Brigadoon - An Occasional Corner on the Internet
Ground Temperature (Overview)
Designed by Mark Little
Most domestic weather stations do not normally come with the provision for measure the temperature of the ground. Ground temperature can be an important measurement for the home gardener as it can determine when the soil is warm enough to trigger the germination of seeds after the cold of winter.

Traditionally, the temperature of the soil at various depths was done using special mercury thermometers that were designed to sit at the required depths and then pulled out to read the temperature was required. These thermometers have two disadvantages. Firstly, they can be quite expensive and secondly, they need to be read manually.

If the soil temperature is being measured near the surface, an alternative to the thermometers dropped down a tube is to use a special thermometer with a near 90° bend in the stem of the thermometer.
Some soil thermometers come with either a mechanical or electronic display of the soil temperature. Unlike the mercury thermometers above, they are normally inserted at the point where the temperature reading is required, rather than being permanently in place. However, like the thermometers above, the reading are manually recorded by the operator.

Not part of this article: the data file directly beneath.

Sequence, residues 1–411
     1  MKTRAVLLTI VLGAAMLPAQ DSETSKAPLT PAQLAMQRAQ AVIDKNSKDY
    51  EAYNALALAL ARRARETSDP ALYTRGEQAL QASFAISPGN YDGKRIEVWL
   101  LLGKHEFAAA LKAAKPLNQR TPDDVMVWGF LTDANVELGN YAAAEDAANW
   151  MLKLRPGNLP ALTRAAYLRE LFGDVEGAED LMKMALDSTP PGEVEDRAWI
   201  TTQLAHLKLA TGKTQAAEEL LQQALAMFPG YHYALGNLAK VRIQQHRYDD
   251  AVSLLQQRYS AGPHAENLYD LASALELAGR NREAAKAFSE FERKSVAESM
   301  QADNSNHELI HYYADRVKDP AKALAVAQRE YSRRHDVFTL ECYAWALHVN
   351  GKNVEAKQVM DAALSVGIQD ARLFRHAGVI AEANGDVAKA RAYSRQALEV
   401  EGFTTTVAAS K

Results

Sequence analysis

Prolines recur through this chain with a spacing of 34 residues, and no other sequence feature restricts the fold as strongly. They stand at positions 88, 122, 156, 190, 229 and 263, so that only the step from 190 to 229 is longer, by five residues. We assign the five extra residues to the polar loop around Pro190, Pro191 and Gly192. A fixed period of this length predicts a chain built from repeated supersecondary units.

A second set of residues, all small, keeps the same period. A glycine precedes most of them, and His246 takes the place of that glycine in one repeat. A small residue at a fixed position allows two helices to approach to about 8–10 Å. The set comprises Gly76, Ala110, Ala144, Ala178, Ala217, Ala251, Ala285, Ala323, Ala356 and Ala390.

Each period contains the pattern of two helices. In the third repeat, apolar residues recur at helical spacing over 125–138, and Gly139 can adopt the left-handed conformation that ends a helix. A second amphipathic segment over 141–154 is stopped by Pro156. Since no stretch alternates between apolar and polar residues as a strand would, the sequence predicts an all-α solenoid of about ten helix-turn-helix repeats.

To record the temperatures continuously, the output of the temperature sensor needs to be readable by the Raspberry Pi.This can be achieved by using a digital sensor that communicates with the Raspberry Pi via an interface such as I2C or SPI. As an alternative, an temperature sensor with an analogue output can be connected to an Analogue to Digital Converter (ADC) and the temperature derived from the output of the ADC. Each approach has both advantages and disadvantages, depending on the measuring environment.
The next page will examine both options and then select the method to be used for the measurement of soil temperature in a suburban backyard. Below is  the sort of measurements that can be expected from ground temperature measurements. The image below shows the changes in soil temepratures at ground level and 50cm in Salisbury Downs, Adelaide during April 2001.
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